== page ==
Along the way, Shaykh Fadlallah Salih Mohamed Al Tum and his guard join us. The month is January, when the tulba, or “herd tax,” is collected for the government by the nazir’s representative. Fadlallah knows all the families in the area, and he knows approximately how large their herds are. Although this is information a nomad will never volunteer, Fadlallah knows that wells are ideal places to estimate the sizes of herds.
The shaykh is certainly not universally welcome at this time of year, but you would never suspect that from the receptions we receive. “Welcome, welcome,” we hear everywhere we go. Unfailingly, by the time we have unloaded our camels, our host has already made a fire and brought tea; later, he will slaughter a goat. I find the jubilant hospitality difficult to accept, for a goat has considerable value. But refusing the gift is inconceivable in a land where a man is judged by his generosity to guests.
(March to June) Saif: Hot and dry—Families stay in camps with permanent water wells.
(June): Early rains—Young men move with the herd according to rains.
(July to October) Kharif: Cool and rainy—Families join the herders and follow the rains.
(November to February) Shita: Cold and dry—Depending on grazing, families may remain together or split into smaller units. Kababish men take camels to the winter grazing areas on the waterless sand plains in the far north (gizzu), while most families stay behind near seasonal water wells. Shanabla stay in the southern regions of North Kordofan and move camp every six weeks or so, depending on the hospitality—or lack of hospitality—of local farmers.
In Shaykh Hamid’s farig, it turned out he had been informed days ago about our impending arrival. He greets us with a warm embrace and quickly takes us to where a large white tent shelters us from the biting wind. Our stiff hands and faces warm up in the bright winter sun, and hot tea takes care of the rest.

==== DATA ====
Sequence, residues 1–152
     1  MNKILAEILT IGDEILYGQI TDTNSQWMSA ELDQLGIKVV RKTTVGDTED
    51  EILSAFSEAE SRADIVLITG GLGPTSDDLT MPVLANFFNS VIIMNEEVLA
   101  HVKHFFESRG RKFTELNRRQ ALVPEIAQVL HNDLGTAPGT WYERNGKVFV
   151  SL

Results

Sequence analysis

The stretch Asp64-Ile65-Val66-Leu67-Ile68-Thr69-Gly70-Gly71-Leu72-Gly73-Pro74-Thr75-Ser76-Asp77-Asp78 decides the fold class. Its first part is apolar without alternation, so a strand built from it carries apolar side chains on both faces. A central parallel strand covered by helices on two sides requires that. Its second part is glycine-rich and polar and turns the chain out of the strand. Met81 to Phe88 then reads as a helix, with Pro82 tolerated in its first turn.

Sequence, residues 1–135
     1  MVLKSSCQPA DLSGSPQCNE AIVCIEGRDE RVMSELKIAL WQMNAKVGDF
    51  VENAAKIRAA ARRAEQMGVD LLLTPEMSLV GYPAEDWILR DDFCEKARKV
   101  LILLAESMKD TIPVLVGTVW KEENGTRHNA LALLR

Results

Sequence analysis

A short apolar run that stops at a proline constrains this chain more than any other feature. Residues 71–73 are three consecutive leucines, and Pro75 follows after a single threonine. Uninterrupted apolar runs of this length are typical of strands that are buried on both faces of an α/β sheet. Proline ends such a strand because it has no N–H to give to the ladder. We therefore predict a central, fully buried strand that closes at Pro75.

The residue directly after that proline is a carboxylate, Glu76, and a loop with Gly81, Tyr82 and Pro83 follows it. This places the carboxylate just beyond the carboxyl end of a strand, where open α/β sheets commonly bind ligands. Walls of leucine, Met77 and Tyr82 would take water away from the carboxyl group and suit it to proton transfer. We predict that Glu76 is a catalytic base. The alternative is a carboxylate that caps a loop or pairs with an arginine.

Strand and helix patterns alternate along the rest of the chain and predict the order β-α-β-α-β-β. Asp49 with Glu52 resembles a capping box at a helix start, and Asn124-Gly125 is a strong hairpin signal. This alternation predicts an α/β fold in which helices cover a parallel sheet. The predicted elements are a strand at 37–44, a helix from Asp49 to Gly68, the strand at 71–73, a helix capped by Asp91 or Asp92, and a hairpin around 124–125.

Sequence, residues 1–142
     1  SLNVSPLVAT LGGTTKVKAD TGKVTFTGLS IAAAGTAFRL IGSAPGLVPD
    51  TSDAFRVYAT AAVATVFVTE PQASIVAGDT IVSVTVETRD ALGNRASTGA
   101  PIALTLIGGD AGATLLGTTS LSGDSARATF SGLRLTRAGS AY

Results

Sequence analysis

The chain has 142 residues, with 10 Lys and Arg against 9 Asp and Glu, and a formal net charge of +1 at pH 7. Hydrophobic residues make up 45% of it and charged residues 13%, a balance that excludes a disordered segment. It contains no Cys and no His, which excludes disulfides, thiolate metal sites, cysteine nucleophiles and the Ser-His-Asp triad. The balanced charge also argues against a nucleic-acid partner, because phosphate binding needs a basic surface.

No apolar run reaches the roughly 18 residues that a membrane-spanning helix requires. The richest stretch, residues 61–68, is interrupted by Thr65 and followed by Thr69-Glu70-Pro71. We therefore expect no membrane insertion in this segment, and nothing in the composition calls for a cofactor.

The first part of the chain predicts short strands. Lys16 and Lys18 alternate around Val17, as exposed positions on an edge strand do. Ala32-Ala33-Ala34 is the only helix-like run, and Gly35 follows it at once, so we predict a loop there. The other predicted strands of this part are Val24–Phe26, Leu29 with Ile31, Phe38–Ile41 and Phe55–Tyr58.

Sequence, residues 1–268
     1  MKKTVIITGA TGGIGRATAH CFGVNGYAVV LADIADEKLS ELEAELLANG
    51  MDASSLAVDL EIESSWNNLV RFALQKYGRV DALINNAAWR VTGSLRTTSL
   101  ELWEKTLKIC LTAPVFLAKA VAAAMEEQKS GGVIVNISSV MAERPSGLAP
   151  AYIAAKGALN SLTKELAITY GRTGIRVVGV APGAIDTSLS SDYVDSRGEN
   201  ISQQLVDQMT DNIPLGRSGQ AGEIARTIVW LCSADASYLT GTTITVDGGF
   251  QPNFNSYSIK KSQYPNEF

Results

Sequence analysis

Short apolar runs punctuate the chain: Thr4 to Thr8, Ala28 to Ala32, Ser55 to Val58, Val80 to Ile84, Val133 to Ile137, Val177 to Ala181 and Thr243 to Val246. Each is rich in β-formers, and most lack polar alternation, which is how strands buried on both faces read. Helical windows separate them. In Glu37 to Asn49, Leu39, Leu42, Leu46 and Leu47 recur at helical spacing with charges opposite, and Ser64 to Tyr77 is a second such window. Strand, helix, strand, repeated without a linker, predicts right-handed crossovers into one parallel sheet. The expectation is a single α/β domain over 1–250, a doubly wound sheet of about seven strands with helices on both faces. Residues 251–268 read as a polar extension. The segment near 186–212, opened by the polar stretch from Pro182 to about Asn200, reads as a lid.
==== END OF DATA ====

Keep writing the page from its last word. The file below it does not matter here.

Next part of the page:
In the evening, Hamid and his wife announce that I will sleep inside their house, for “it is too cold outside.” The tent is surprisingly warm and bright. Large discarded shawls cover the ceiling. Bags of grain and salt have been stowed behind pieces of canvas. Tooled and decorated leather storage bags adorn the walls. There is a fire burning in an iron basin, and the youngest grandchild gently sways in a hammock-like cot above the bed. She is crying. Her grandfather puts the little one on his lap and comforts her until she is asleep again.
In the days that follow, days are spent with the neighbors and relatives constantly drifting in and out for chats, and evenings are for the entertainment of gossip and stories around the fire. This easygoing family life is in stark contrast to the tension in which the Shanabla live. These Kababish do not depend on a farmers’ charity, for their dar is immense, and, in addition, this part of it is too remote and insufficiently arable to attract the eyes of even the irrigated-agriculture developers. Here, the nomads can still go where they please.
From Shaykh Hamid’s farig I spend several more weeks traveling through the desert in the company of Juma, and we encounter enormous diversity. We meet nomads who have become farmers. We meet families who make long journeys with hundreds of camels. Sometimes we find a woman at home alone, out in the middle of nowhere, because her husband is working in Libya. There are days we travel entirely alone. Sometimes we share a meal with a lone herdsman who looks after his sheep, or we drink tea with camel drivers who transport cut slabs of salt. And every now and then we come across nomads who have started a little shop and have placed the camels in the care of relatives. All of this makes it almost impossible to describe what Salim Musa calls “real nomad life.”
“Don’t bother!” smiles anthropologist Salah el Shazali of the University of Khartoum. “A nomad fits no label. He has too many roles. The key word is flexibility. It all depends on circumstances whether a herdsman will look for work in town or abroad, or become a farmer and subcontract his herd. Nomads minimize their risks by spreading them out, and the possibilities of doing this are endless.
“Nomad life is under pressure,” he adds, “but it will not disappear from Sudan.” Like Egemi, he points out the contribution of livestock-raising to the economy. “This is one solid support pillar for the future. The other is the age-old ability of the nomads to adapt.”
As far as the nomads themselves are concerned, there is not even a hint of hesitation when I ask elderly Juma what he would do with a million dollars.
“Buy camels and start again,” he says.
Arita Baaijens (www.arita.baaijens.com) lives in Amsterdam, where she is a writer and photographer and a former environmental biologist. For the past 15 years, she has trekked each winter through the Egyptian and Sudanese deserts with her camels. Photo by Erik Buis.